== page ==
• Alexa Scalia

    Photography of Alexa ScaliaI started volunteering with the Arthritis Society four years ago, when I was 18 years old. My first volunteer experience was with the Camp Kids on the Move/Camp ArticulAction, which is the Arthritis Society’s Quebec sleep-away summer camp.

    After I was diagnosed with fibromyalgia at 16, I wanted to find a way to help others who were affected by chronic conditions. When I was introduced to a pediatric rheumatologist who was affiliated with the Arthritis Society, I was inspired to help and get involved with this organization. Later, when I was asked if I wanted to be an assistant counsellor at the summer camp, I knew I had to say yes. I ended up loving it so much that I’ve gone back every summer since!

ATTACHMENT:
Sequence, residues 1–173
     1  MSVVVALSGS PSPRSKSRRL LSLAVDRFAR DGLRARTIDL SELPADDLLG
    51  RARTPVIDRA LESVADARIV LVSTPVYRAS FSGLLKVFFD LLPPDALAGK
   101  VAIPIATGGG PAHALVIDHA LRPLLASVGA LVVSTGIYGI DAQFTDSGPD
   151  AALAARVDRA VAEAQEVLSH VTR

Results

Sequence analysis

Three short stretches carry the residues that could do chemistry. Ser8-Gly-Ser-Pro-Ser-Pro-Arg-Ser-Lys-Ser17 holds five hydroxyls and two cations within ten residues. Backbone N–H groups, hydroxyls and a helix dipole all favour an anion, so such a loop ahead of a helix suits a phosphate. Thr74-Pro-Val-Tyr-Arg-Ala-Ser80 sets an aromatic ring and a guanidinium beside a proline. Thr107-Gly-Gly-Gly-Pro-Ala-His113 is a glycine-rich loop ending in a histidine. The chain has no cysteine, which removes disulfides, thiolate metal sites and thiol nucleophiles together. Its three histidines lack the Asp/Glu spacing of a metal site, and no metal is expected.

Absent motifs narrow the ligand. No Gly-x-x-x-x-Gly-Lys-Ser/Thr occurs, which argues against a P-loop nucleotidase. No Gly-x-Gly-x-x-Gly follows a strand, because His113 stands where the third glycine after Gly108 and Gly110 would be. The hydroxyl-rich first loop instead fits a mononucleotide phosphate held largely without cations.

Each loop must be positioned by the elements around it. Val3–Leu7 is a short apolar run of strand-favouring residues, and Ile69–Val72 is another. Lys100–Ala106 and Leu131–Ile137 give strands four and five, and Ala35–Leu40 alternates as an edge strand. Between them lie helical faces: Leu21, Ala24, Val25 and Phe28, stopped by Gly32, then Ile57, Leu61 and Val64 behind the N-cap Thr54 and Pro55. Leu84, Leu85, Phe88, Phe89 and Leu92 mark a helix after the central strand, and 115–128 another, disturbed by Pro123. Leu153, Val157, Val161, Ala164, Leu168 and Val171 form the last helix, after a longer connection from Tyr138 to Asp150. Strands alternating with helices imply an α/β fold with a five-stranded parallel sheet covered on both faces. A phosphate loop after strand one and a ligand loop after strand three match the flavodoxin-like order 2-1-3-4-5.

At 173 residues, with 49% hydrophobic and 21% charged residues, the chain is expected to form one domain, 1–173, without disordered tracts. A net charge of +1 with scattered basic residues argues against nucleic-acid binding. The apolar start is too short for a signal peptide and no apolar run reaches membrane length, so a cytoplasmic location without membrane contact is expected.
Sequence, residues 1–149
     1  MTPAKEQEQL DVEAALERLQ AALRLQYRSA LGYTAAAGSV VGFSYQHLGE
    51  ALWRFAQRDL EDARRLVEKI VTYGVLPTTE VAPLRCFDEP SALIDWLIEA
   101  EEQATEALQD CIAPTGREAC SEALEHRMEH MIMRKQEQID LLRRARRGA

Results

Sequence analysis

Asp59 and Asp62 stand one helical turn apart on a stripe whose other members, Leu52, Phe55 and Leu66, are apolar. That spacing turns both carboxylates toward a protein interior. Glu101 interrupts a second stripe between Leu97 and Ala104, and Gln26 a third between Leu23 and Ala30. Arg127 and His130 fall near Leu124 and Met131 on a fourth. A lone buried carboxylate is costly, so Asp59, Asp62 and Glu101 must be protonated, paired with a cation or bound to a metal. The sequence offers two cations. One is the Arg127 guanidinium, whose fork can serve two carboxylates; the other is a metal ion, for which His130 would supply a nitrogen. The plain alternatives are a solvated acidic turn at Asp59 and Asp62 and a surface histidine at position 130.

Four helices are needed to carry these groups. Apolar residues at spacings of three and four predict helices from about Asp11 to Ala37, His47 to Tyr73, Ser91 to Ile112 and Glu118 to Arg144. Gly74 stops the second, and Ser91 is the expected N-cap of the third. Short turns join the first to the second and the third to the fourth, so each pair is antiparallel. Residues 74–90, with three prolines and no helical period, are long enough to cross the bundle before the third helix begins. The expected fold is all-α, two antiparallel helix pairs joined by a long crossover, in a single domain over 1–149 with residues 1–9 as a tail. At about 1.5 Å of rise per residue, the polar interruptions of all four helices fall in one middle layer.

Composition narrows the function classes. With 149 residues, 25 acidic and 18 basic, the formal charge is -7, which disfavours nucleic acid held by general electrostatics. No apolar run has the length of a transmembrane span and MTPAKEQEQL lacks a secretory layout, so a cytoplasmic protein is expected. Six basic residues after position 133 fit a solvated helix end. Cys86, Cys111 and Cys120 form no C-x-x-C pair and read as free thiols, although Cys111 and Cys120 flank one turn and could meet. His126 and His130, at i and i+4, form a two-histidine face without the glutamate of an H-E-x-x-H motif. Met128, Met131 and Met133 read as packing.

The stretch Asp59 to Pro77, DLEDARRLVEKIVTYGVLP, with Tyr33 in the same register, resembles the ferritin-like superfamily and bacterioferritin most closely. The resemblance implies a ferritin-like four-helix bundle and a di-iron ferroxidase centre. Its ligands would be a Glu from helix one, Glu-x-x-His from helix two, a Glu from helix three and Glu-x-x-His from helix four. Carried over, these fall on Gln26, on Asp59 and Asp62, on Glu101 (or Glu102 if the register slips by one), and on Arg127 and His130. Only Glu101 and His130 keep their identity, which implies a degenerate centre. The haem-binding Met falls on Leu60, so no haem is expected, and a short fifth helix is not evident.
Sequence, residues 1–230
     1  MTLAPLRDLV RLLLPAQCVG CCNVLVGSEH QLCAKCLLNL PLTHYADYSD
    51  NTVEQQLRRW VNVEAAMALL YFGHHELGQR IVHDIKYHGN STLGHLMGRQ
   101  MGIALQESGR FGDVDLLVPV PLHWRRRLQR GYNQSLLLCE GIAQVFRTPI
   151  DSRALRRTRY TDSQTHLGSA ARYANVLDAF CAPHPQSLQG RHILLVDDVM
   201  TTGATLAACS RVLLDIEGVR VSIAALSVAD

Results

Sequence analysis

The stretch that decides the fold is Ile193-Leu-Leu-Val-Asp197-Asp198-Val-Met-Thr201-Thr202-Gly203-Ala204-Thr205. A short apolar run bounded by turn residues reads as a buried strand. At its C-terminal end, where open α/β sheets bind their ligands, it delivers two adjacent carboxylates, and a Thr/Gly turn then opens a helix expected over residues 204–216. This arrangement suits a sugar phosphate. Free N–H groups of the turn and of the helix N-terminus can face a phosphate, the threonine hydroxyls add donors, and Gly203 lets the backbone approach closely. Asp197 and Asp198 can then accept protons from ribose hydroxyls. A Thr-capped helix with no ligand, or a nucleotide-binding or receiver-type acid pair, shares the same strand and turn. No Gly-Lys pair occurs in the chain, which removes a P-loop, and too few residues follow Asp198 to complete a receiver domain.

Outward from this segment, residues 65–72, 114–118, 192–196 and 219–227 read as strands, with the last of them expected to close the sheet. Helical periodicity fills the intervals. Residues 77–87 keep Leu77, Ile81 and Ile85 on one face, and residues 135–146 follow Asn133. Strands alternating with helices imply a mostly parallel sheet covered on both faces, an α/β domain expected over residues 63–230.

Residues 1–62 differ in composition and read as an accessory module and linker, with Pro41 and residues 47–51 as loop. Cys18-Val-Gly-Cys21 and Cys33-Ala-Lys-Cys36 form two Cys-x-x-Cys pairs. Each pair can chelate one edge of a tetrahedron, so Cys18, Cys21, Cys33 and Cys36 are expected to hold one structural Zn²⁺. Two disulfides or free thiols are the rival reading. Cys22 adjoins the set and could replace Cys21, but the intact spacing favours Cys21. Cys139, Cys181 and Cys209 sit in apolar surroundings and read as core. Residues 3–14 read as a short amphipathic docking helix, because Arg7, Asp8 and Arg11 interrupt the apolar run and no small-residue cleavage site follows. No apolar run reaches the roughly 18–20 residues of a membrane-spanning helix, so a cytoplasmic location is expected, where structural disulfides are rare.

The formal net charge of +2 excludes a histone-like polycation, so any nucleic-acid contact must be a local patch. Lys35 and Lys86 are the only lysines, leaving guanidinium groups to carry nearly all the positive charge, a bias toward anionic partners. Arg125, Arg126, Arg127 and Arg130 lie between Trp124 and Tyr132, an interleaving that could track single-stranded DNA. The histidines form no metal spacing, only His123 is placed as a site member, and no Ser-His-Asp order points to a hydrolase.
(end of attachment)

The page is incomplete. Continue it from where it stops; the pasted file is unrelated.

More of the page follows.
I personally don’t have arthritis, but because of my fibromyalgia, I had several appointments with a rheumatologist and at a pediatric pain clinic. Because of these experiences, I became more aware of rheumatological conditions and their impact on children.

    To me, the Arthritis Society means a safe space for people to come together and share moments of joy, challenges and perseverance in a judgment-free environment.

    My proudest accomplishment was seeing all the little happy faces of the children during my first summer at the sleep-away camp. This truly brought me a lot of happiness as I was able to see the impact this camp had on the children. Unfortunately, most of these kids don’t have many other children around them who understand their condition and limitations. Therefore, being part of the solution and helping with the day-to-day activities at the camp made me very proud.